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Supporting carbon storage in China

Climate Check Podcast

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    About this episode

    Benny Zhou, head of the agriculture and actuarial department for Munich Re Greater China, discusses how reinsurance can support farmers participating in a program that preserves grasslands for carbon capture.

    About the guest

    Benny Zhou joined Munich Re Greater China in March 2009, started as Senior Motor Consultant, offering motor pricing and portfolio management consulting services to clients APAC region. Following this, he has experienced various functions including Head of Motor & Actuarial and Senior Client Manager for top client, responsible for motor underwriting and business development with major clients until 2019. Since then, Benny has overseen underwriting and local strategies for Greater China Agro portfolio. Before joined Munich Re, Benny had developed his Actuarial expertise in the Canadian market with primary P&C insurers, including RSA, AXA, ING and Aviva, with his experience in pricing, reserving, CAT modeling and solvency areas.

    Benny Zhou
    Benny Zhou
    Head of Agriculture & Actuarial Dept, GC NL
    Greater China

    Mark Maroon:

    Welcome to Climate Check. This is Mark Maroon, Vice President at American Modern, a Munich Re Company. And today I am joined by Benny Zhou, head of agriculture and actuary Non-Life Greater China at Munich Re. Benny, thank you so much for joining me today.

    Benny Zhou,:

    Thank you, Mark. It's my pleasure to be here.

    Mark Maroon:

    So can you just tell me a little bit about yourself and your role with Munich Re?

    Benny Zhou,:

    Yeah, sure. I'm actually heading up the Agro Reinsurance operation in Munich Re for Greater China. We are the reinsurance provider to the direct insurers in China market, which actually provide protection to farmers in the crop business and livestock business.

    As you know, the agriculture segment can be very volatile. Agriculture could be easily subject to the heavy losses from the natural catastrophe events, severe weather events, and also pandemics in livestocks. And this actually creates the financial stress for the farmers, which normally have relatively lower income. Our function is providing the reinsurance post to smoothing their financial stress and so that they can continue to operate in the agriculture business.

    Mark Maroon:

    Thank you very much for that introduction. So one of the big things that we want to talk a little bit today was following up on some of our previous conversations that we had in our podcast series. We were discussing the People's Republic of China pledging to ensure that its carbon emissions would peak by 2030. So can you talk a little bit about how carbon storage fits into China's plan?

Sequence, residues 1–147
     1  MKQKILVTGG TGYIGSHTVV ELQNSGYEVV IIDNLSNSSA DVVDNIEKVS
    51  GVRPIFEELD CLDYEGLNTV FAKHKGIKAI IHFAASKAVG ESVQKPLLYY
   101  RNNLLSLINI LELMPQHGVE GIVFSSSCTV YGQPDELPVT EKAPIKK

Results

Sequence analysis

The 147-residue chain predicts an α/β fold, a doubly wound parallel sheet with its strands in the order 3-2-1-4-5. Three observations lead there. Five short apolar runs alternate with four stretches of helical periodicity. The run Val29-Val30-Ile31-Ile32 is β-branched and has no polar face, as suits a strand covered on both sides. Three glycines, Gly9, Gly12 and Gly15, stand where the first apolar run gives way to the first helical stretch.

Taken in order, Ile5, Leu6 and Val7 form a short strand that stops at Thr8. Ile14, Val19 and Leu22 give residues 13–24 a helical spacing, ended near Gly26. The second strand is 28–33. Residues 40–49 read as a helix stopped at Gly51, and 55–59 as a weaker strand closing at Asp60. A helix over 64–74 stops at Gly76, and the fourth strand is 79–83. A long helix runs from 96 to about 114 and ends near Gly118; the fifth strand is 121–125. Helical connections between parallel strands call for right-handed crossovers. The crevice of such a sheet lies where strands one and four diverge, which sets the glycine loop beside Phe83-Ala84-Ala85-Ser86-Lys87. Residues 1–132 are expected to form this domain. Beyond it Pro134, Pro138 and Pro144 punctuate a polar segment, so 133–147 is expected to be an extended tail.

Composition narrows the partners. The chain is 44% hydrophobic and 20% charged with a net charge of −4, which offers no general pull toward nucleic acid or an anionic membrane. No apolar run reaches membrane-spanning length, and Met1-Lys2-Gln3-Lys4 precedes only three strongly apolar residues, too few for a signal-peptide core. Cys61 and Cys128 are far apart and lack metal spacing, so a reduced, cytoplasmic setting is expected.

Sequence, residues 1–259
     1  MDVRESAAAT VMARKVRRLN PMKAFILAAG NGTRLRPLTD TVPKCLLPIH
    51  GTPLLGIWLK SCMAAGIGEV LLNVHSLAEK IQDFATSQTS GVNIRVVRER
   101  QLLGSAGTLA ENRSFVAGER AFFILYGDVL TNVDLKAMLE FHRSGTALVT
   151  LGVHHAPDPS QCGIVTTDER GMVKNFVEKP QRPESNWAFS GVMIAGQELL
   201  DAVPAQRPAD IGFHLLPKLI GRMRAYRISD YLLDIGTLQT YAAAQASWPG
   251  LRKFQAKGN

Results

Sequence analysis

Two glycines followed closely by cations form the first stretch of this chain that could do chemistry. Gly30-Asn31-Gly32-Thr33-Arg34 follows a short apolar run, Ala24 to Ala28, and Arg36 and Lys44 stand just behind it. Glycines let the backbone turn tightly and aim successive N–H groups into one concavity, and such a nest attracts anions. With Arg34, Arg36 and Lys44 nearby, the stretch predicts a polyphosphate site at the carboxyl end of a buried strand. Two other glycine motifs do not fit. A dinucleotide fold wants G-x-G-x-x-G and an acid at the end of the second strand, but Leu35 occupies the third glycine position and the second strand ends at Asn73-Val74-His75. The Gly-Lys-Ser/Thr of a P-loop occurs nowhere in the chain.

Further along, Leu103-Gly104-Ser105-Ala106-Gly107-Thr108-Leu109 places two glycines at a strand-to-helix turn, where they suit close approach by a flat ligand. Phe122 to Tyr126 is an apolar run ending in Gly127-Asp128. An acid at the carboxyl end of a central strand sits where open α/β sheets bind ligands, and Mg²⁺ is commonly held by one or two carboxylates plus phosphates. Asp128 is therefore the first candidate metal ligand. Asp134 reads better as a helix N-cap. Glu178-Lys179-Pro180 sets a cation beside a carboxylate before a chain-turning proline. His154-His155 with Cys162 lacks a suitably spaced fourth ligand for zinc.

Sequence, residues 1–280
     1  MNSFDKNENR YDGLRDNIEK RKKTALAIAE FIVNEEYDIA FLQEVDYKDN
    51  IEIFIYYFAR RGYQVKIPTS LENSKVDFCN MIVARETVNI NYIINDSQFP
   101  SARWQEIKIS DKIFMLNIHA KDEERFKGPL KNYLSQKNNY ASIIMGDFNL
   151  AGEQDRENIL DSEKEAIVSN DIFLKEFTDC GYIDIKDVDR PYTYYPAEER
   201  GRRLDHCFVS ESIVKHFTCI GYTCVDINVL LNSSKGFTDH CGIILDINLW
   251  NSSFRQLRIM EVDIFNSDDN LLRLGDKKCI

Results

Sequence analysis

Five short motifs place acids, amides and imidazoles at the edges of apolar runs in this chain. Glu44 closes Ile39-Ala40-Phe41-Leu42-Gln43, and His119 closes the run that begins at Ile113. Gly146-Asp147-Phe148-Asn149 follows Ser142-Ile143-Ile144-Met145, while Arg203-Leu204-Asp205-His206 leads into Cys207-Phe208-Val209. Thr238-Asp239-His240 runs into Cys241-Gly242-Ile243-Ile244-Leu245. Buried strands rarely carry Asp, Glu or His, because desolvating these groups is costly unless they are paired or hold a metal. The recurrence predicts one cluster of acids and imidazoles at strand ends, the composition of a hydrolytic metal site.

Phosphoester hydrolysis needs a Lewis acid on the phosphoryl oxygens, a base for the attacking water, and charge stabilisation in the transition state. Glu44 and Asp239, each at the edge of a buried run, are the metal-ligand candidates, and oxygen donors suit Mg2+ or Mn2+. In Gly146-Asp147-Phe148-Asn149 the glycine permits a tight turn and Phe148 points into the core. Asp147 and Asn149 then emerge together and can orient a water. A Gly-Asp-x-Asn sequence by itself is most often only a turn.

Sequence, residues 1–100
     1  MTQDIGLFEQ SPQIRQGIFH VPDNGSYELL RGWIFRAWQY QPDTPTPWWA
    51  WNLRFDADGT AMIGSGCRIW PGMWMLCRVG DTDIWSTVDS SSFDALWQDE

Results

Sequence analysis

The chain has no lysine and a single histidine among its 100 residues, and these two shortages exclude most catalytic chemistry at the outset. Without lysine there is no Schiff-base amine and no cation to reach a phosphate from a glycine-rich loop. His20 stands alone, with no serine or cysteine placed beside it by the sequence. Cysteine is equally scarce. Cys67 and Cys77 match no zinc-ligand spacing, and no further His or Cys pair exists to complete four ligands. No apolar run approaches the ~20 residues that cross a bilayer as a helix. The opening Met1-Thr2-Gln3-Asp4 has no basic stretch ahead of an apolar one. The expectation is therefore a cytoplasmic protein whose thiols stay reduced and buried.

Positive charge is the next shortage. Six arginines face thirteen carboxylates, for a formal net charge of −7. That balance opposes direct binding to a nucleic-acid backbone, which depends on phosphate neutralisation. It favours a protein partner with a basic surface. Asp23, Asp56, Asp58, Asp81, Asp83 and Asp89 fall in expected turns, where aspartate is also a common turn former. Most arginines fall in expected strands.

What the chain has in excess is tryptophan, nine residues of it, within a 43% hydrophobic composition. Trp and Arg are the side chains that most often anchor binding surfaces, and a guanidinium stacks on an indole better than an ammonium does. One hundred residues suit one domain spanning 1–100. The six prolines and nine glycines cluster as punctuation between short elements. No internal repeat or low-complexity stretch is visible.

Benny Zhou,:

    As we all know, the climate change has been one of the greatest challenge these days for us global wide, same to China. The climate change has caused devastating damages to our environments, including more severe natural catastrophe events such as droughts, excessive heat in the summer, flood, typhoon, as such. As this year, we all can see the droughts happen in Brazil, Central Europe, Southwest Europe, and Yangtze River Basin in China has caused significant adverse impacts to crop yield.

    To deal with these challenges, governments around the world have working closely in making policies and setting up targets, including Chinese government. Chinese government has announced 2030, 2060 targets. Meaning that 2030 China will reach carbon peak and 2060 China will reach carbon neutrality.

    Now, in order to achieve these targets, many actions has been put in place. So including well-known restructuring of energy resources from fossil fuel to more clean energies. Such as solar and wind, and also developing the new technologies in CCUS, carbon capture, utilization, and storage.

    So however, natural climate solution have catching increasing attentions from government. NCS, which means the conserve, restore, and manage forest grassland, wetland and agricultural land, to increase carbon storage and reduce greenhouse gas emission. It's a critical part of all different measurements in terms of dealing with climate change.

    According to some research, NCS can contribute 37% of CO2 equivalent mitigation to climate between now and 2030. And every year it can contribute 11 gig town CO2 emission equivalent. To be put in a simple way, our natural ecosystem is a very, very strong carbon storage system and which has been existing for millions of years. And it has a cost-effective benefits compared to other approaches.